Reading the Manby Elizabeth Brown Pryor
To most , Robert E. Lee is a beloved tragic figure of a bygone war—remembered by history as stoic and brave but without a true emotional life. Recently, however, historian Elizabeth Brown Pryor uncovered important documents that provide a stunning personal account of Lee’s military ability, his beliefs, and his time. Using dozens of previously
To most , Robert E. Lee is a beloved tragic figure of a bygone war—remembered by history as stoic and brave but without a true emotional life. Recently, however, historian Elizabeth Brown Pryor uncovered important documents that provide a stunning personal account of Lee’s military ability, his beliefs, and his time. Using dozens of previously unpublished letters as departure points, Pryor sheds new light on every aspect of this complex and contradictory general and questions our own understanding of loyalty and patriotism. This tantalizing glimpse of a legendary hero’s guarded soul will astonish and fascinate not only Civil War buffs, but anyone interested in this nation’s history.
- Penguin Publishing Group
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- Product dimensions:
- 5.50(w) x 8.40(h) x 1.50(d)
- Age Range:
- 18 Years
Meet the Author
Elizabeth Brown Pryor is an award-winning historian as well as a senior diplomat in the American Foreign Service. She was most recently a senior advisor on European affairs to the U.S. House and Senate.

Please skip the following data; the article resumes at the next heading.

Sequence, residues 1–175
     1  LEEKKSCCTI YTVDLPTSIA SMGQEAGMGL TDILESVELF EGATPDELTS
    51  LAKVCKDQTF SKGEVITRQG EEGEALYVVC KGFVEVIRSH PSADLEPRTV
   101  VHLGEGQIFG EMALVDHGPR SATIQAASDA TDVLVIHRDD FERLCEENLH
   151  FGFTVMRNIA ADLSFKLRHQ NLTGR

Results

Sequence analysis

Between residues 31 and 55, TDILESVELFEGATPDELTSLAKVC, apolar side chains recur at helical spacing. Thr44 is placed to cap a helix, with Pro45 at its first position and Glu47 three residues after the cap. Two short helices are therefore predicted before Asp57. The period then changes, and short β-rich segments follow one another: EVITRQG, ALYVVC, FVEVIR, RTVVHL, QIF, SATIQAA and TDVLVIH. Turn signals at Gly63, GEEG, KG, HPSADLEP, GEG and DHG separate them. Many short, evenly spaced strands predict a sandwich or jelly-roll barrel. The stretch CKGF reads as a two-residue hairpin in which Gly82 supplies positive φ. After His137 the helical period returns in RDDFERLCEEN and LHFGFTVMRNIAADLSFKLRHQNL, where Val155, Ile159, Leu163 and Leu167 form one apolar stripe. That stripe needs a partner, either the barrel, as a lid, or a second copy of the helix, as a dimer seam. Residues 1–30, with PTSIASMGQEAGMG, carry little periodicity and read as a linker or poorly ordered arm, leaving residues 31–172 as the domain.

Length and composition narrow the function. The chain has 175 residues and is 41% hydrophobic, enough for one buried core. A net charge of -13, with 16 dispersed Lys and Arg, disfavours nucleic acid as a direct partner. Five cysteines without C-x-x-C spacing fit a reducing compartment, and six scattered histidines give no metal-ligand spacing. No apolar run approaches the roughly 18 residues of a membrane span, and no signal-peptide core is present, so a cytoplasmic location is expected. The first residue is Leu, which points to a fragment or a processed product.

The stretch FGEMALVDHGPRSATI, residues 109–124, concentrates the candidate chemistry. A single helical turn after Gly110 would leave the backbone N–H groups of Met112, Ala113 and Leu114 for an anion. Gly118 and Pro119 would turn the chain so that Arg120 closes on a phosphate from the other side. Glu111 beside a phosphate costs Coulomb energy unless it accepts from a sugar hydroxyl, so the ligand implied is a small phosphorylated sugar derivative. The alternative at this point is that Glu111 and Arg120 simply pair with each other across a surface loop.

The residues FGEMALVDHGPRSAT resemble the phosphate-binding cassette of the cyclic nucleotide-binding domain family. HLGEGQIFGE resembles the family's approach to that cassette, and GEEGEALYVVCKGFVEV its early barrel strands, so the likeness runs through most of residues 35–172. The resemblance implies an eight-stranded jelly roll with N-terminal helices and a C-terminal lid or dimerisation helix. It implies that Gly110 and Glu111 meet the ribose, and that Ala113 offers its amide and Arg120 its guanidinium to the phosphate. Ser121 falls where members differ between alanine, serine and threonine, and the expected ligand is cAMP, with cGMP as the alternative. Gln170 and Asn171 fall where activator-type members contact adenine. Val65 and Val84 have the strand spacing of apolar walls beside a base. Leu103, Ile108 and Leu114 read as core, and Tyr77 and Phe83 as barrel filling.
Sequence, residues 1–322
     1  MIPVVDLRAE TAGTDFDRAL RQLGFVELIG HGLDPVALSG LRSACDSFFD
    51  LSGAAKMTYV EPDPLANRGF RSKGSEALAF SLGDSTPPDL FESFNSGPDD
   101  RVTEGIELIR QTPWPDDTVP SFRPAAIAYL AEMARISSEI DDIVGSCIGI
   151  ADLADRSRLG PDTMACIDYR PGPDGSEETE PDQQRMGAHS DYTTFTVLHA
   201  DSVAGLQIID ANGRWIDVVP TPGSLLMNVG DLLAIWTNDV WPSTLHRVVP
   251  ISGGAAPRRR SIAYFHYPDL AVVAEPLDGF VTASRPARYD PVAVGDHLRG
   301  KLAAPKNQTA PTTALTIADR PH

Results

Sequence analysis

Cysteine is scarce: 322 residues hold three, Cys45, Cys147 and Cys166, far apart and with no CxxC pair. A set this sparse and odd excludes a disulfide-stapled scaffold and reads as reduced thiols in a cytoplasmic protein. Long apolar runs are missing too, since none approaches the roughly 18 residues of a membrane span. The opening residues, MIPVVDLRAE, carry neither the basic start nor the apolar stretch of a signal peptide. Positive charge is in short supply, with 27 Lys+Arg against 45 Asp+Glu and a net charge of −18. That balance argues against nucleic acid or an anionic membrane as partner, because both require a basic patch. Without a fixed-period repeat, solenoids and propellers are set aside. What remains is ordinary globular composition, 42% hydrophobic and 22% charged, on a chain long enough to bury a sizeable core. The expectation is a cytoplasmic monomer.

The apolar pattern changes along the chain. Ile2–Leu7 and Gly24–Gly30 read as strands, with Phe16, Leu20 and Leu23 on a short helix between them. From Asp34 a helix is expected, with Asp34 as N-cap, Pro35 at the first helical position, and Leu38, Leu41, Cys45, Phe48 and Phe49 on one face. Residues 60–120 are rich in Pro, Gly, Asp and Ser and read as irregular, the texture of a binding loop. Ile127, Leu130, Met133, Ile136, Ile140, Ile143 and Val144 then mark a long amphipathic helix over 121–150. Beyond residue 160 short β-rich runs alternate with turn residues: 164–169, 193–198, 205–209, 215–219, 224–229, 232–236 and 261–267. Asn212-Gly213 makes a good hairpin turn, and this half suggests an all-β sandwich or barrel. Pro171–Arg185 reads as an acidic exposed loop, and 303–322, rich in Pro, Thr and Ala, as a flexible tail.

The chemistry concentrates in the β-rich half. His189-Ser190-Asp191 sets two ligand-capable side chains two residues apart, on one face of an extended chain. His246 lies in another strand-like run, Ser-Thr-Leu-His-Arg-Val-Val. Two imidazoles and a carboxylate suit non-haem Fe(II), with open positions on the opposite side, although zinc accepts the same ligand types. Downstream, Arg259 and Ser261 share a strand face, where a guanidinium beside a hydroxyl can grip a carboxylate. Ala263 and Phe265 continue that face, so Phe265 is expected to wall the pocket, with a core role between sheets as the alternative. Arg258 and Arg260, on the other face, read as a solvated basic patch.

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This work is an absolute marvel; not because of it's presentation or edification, but because of the breadth of research that was required to compose it. Pryor spent hundreds of painstaking hours reading barely legible hand-written letters by Lee and his family, all of which have been aged to the brink of dust by ~150 years worth of exposure. She also includes observations of Lee from a wide perspective of contemporaries of varying relationship to Lee; subordinate to superior, distantly involved to intimately involved. For example, during the later sections of the book, various recollections of Lee are provided from the letters of his lowest ranking soldiers, which must have involved a great deal of researching to attain. Pryor most certainly did her homework. But this is exactly why this book is such a disappointment. Despite the wealth of information and research that Pryor acquired on Lee, Pryor never makes it through a chapter without subjectively using the research to support her own opinion. I understand Pryor's attempt at self-proclaimed objectiveness, as it is very important when describing an individual so mythologized, but throughout the biography it is clear that Pryor's call to objectiveness is completely undermined by her overall goal to defame Lee. What effort she makes at being impartial is quickly dropped after a few pages in every chapter, almost with complete consistency. Each chapter is involved in a formulaic approach to vilify Lee. The chapters begin with a selection of one or more letters written either by Lee, or about him and his situation. The context of the letters is then discussed, with emphasis on their relationship to the current political situation in the country at the time, or to Lee’s personal environment at the time. Pryor would then use her research to discuss some facts about Lee’s situation, and then immediately dive in to the defamation of his character. By the end of each chapter, Pryor has either abandoned her research for a rampage of vilification or is on damage control, trying to salvage what is left from the object of the chapter after her tirade of libel. Pryor has extensively said that her goal when writing this book was to ‘humanize’ Lee through use of his own words, however, I suggest that her approach to the goal was too strong. In an attempt to humanize Lee, Pryor pushes too hard, and instead of assessing his achievements and failures through factual representation, she deviates into an onslaught of card stacking. She countlessly uses one-sided evidence without contesting opinions to support her ideas. It is hard to read this book without hearing a haughty tone from the prose, which ultimately detracts from the purpose of the biography. So while her intentions may be honest, the final product reads to my subjective mind as if Pryor has some sort of distaste of Lee’s reverence, and has made it her goal to prove that he is not worthy of the praise. Subjectively, as an old-cultured South Carolinian, I read this book expecting a plethora of facts about Lee’s life supported by Lee’s own personal words, from which I hoped to gain insight into his actual mindset and character. But I soon realized that what I was reading was a work of character assassination. Time and time again, Pryor detailed Lee through subjective lenses that distort facts, consistently comparing Lee’s political views to our modern era’s, and setting him up to fail. This originally made me put down the book for a while, but after I started it back up, I was delighted to find that despite Pryor’s endless attempts to defame and vilify Lee and his character, she fails.